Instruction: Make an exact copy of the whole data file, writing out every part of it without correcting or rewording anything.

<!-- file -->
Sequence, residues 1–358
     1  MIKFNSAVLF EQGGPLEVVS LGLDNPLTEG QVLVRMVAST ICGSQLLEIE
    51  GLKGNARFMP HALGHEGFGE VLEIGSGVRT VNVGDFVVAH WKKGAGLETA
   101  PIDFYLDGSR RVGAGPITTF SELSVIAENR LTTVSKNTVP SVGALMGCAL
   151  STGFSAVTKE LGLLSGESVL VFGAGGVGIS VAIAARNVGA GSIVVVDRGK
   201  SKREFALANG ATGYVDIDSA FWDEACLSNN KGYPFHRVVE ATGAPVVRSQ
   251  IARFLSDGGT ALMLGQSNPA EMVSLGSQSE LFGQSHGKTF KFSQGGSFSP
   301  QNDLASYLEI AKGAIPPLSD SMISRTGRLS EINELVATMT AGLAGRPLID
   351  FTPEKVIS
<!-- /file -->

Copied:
Sequence, residues 1–358
     1  MIKFNSAVLF EQGGPLEVVS LGLDNPLTEG QVLVRMVAST ICGSQLLEIE
    51  GLKGNARFMP HALGHEGFGE VLEIGSGVRT VNVGDFVVAH WKKGAGLETA
   101  PIDFYLDGSR RVGAGPITTF SELSVIAENR LTTVSKNTVP SVGALMGCAL
   151  STGFSAVTKE LGLLSGESVL VFGAGGVGIS VAIAARNVGA GSIVVVDRGK
   201  SKREFALANG ATGYVDIDSA FWDEACLSNN KGYPFHRVVE ATGAPVVRSQ
   251  IARFLSDGGT ALMLGQSNPA EMVSLGSQSE LFGQSHGKTF KFSQGGSFSP
   301  QNDLASYLEI AKGAIPPLSD SMISRTGRLS EINELVATMT AGLAGRPLID
   351  FTPEKVIS